Tuesday, October 5, 2010

It Gets Better... Far Too Slowly

Of late, the number of LGBT teens who have committed suicide seems to be staggering, though this may be an artifact of increased news coverage of issues involving the gay community. The fact is, these children are not the first, and, sadly, will not be the last casualties of a culture war that has been brewing for centuries. While homosexuality may have been a run-of-the-mill occurrence in ancient Greece or Rome, the advent of Christianity, the Protestant Reformation, the Spanish Inquisition, and other such events led to the persecution of homosexuals. Is it any wonder that the common slur used for homosexuals, "faggot," is derived from a Medieval word for a bundle of sticks used to start a fire, a fire no doubt started at the base of a pole that an unfortunate gay person would find themselves tied to, to be burned before God in hopes of redemption?

What is most troubling, aside from the waste of potential good in those who have left this world by their own hand, is how these incidents came about, through the bullying of others, who found it convenient to hurl epithets and treat them as if being gay were a crime, making them out to be social lepers, or worse, God's trash. This goes beyond the bullying that has been prevalent in schools for a seeming eternity; it is vicious and virulent, a blatant attempt to torment teens who may be having trouble with their sexual identity, trying to convince them that this somehow makes them pariahs.

This bullying, and the accompanying social unrest that follows it, is, in no small measure, amplified by the vitriol and invective that floods the airwaves daily, from social, political, and spiritual leaders across this nation.  To give just a few examples:

  • Senator Jim DeMint of South Carolina, who declared that if someone is openly homosexual, they shouldn't be teaching in the classroom
  • Boyd K. Packer, the second-highest leader in the Mormon Church, said in a sermon broadcast to millions yesterday that same-sex attraction is "impure and unnatural" and can be overcome, and that same-sex unions are morally wrong. [Courtesy, the Human Rights Campaign]
  • Focus on the Family has accused gay-rights groups of using tolerance and anti-bullying programs to introduce curricula and books into schools that promote political aims such as same-sex marriage. [Courtesy, ABC News]
  • Fred Phelps, pastor of the anti-gay Westboro Baptist Church, regularly organizes demonstrations at military funerals with anti-homosexual rhetoric displayed prominently on their picket signs
With intolerant and bigoted people and groups dominating the news cycles, it should not shock us that such homophobia works its way down into our schools. Far too many parents either agree with these sentiments, or are loathe to talk about controversial subjects, perhaps because of personal discomfort or mere reticence to discuss actual issues of the day with their children.

However, a groundswell is beginning to occur, as famous personalities begin to speak out about the horrors being perpetrated and the difficulties of being a member of the LGBT community when you are young. From Dan Savage's "It Gets Better" project, to heartfelt pleas from the likes of Ellen DeGeneres, Kathy Griffin, or Tim Gunn, people are beginning to speak up in a meaningful way, trying to steer the conversation away from rhetoric and toward the realization that these are, above all, human beings, people with feelings, people who may be scared, people who simply want to live their lives in peace.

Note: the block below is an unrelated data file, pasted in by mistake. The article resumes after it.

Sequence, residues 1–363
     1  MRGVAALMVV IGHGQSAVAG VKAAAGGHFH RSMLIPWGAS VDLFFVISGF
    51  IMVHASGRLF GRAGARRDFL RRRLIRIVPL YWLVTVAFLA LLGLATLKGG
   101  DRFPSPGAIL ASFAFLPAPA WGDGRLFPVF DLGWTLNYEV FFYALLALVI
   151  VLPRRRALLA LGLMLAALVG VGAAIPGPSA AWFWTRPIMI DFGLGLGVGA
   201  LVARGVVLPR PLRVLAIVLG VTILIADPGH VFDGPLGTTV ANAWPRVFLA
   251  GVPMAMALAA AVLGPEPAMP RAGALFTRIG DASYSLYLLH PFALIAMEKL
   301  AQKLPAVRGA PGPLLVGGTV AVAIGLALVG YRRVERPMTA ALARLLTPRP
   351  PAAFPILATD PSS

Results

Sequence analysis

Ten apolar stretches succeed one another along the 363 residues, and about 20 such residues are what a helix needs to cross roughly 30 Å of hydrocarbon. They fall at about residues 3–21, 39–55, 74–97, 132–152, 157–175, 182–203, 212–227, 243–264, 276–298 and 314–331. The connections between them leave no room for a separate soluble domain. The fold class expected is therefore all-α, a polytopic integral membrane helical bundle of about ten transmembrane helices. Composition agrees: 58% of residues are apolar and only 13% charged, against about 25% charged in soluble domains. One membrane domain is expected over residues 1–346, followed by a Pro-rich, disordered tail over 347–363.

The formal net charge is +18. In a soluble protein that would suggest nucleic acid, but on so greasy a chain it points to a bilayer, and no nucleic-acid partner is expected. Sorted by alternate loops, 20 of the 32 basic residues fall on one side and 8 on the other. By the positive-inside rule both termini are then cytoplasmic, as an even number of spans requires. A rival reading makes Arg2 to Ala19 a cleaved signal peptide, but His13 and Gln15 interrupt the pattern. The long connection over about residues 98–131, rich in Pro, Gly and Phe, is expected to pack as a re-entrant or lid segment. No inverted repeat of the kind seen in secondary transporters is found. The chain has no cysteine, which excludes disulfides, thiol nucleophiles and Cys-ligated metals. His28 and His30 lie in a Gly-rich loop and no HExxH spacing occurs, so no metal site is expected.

Centuries in the making, the battle over the true place of homosexuality in the human race is starting to come to a head in this century. It is by no means a matter of a short amount of time; this topic and the intractable dogma surrounding it, are not so easily dispatched. There is, however, hope, for time has caused us to see more clearly the world we inhabit and our place in the scheme of things. No longer tied to the fear and fervor religion used to control humankind, our reason has shown us that homosexuality is just another human trait, another variation of the theme. It does not necessarily confer any kind of advantage, but it also does not confer any harm on the human race. Any harm that homosexuality presents to us is self-inflicted, the product of the ravings of madmen and the ignorance of the petty and tyrannical.

This would seem to be our moment, when humanity would take the next step forward toward unity, or cast all civilization asunder in a flash of global inhumanity. For those who must continue to suffer, to fend off day-after-day the assault on their psyche and body by ignorance and intolerance, it can be said that it will get better, but perhaps not soon enough to abate the terror. Many may still have to suffer, may still have to hide their true selves in fear for their sanity and their life. They are the current soldiers, those who must steadfastly stand up, with our help, to put an end to the depredation and denigration of their kind. It is their fight, but it our war, and only together can we hope to strike down the last bastions of bigotry.

1 comment:

  1. It is their fight, but it our war - I really like this, because it tells the simple truth in the simplest terms -- those of us who aren't gay aren't on the frontlines, but when this battle is won, we will all be better for it. In memory of the late great Solomon Burke who died just today: None of us are free, if one of us is in chains.